My 6 New Year’s financial resolutions

New Year cartoon

Previous post – I keep a little more than average in my emergency fund

I never make New Year’s resolutions, however, this year I thought I would; this year I have this blog to hold me to account so why not use it?

Following on from my 2020 plans for the blog, I want to outline some financial goals for the year 2020…

 

Invest a further £3k into my fund portfolio

I don’t go into too much detail on this blog about the exact value of my various accounts to retain a certain amount of anonymity, but this one is probably my biggest goal.

£3k would take me up to a nice round number in my S&S account which I use to invest in mostly passive funds with a small number of active funds thrown in for good measure.

I know these ‘nice round numbers’ are pretty arbitrary, and FI is all about intentionality and purpose and calculating everything down to the minute detail, but I like to treat my finances like I do my physical spaces: keep it neat and tidy with round, whole numbers. It settles my mind and keeps my mild OCD in check.

Buy some Premium Bonds

These are one of the least popular financial products in the FI community, but something I have always wanted to hold for the fun of having a shot at the big prizes.

I don’t have a particular amount I want to buy; I just want to establish a decent holding – maybe £1k to begin with.

I am aware there are better ways of holding cash out there, but I, quite frankly, can’t be bothered to move my money around every month for piddly little amounts that are pretty insignificant on the long-term path to FI. I already optimise fairly efficiently with my investments and pension I think I’m allowed this minor bit of financial apathy.

Max out my LISA

I opened my LISA early 2018 just before the April deadline, so I was unable to maximise my contributions that financial year, but it has been the only year I have been unable to do so since.

It’s become a yearly routine as a great way of saving for a house. I tend to save up a sizeable chunk and dump it all in at once rather than smaller monthly amounts, but I have always had the cash set aside to be able to do this. Next year I don’t think I will do, so will introduce the monthly method for the first time.

Increase pension contributions to 20%

I’m very fortunate (at the time of writing this) that my company offers 10% as long as I contribute at least 4%.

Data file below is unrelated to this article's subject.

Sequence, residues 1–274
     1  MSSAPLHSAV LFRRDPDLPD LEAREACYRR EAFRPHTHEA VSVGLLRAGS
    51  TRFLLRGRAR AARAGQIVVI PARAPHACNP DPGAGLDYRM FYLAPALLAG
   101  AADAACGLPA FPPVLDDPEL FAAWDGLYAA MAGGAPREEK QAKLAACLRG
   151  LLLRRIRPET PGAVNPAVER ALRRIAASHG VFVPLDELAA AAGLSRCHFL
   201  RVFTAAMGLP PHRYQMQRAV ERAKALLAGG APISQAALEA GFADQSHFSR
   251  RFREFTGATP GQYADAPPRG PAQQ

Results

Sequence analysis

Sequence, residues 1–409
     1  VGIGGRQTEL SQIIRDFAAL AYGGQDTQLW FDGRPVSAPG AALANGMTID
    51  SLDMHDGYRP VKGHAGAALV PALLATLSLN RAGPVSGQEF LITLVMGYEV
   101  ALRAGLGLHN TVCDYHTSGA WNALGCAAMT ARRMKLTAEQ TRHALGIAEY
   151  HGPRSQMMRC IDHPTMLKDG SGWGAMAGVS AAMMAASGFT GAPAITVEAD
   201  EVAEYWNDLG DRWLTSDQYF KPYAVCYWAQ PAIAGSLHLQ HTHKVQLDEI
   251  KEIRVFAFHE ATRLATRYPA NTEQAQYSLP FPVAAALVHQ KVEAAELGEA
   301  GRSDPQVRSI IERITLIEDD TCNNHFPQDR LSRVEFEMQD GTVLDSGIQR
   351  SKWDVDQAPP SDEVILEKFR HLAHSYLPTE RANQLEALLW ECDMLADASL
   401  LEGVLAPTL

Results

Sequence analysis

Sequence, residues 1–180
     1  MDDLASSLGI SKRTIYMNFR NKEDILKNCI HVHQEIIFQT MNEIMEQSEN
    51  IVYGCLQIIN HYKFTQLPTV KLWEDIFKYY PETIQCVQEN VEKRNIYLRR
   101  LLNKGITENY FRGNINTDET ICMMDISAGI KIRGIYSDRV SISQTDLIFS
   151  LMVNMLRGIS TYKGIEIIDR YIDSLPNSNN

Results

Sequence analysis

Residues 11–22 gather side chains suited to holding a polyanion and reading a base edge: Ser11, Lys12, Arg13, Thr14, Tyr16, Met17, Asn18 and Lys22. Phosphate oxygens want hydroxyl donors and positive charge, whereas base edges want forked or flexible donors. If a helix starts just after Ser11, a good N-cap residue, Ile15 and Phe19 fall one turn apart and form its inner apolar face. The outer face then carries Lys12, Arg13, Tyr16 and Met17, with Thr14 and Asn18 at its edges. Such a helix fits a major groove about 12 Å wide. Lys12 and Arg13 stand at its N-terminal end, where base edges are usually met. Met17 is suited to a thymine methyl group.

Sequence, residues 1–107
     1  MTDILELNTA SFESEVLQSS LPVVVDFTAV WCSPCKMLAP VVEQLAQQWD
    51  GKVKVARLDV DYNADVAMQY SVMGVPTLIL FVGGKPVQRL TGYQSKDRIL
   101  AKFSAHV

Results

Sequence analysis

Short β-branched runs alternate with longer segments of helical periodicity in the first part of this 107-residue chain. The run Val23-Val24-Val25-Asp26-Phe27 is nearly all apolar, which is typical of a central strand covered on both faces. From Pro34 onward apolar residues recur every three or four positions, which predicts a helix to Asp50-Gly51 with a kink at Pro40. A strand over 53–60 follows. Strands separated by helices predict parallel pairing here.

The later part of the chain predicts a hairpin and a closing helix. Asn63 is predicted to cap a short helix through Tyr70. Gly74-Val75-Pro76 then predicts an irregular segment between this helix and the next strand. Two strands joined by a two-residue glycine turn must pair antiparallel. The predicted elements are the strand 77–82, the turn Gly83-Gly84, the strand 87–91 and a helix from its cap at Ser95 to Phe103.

This is a no brainer and is a free 10% pay rise on my wage for doing nothing. I contribute a further 4% on top of that just because…but I want to get that up another 2% to round it up to the nice full 20% (there are those nice round numbers again).

Increase holding in Disney to £1k (Freetrade)

I like Disney as a holding; I think they’re a fantastic option for the long term.

I will be holding this stock for my children to inherit. If I don’t have kids then this will be a holding until I am at least 55 (this is the age I aim to at least have the choice to move down to part-time work and make up the rest of my earnings with my investments).

Spend more

I’m not as frugal as I should be for someone pursuing FI, but I would like to be a bit more frivolous in 2020.

I went on a couple of holidays in 2019 and spent way more than I should on multiple nights out, coffee and ‘arty-farty’ craft beer, but I would like to ponder less on the smaller purchases like clothing and video games before pulling the trigger.

We all need to establish that balance between saving and spending; there’s no point hoarding money to never reap the rewards.

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I’d love to hear if you have any financial resolutions, big or small, boring or left field. Let me know in the comments below.

3 thoughts on “My 6 New Year’s financial resolutions

  1. Happy New Year and good luck with your resolutions, AMM.

    My goals will be pretty much the same as the ones I set last year but I might consider a resolution or two.

    Like

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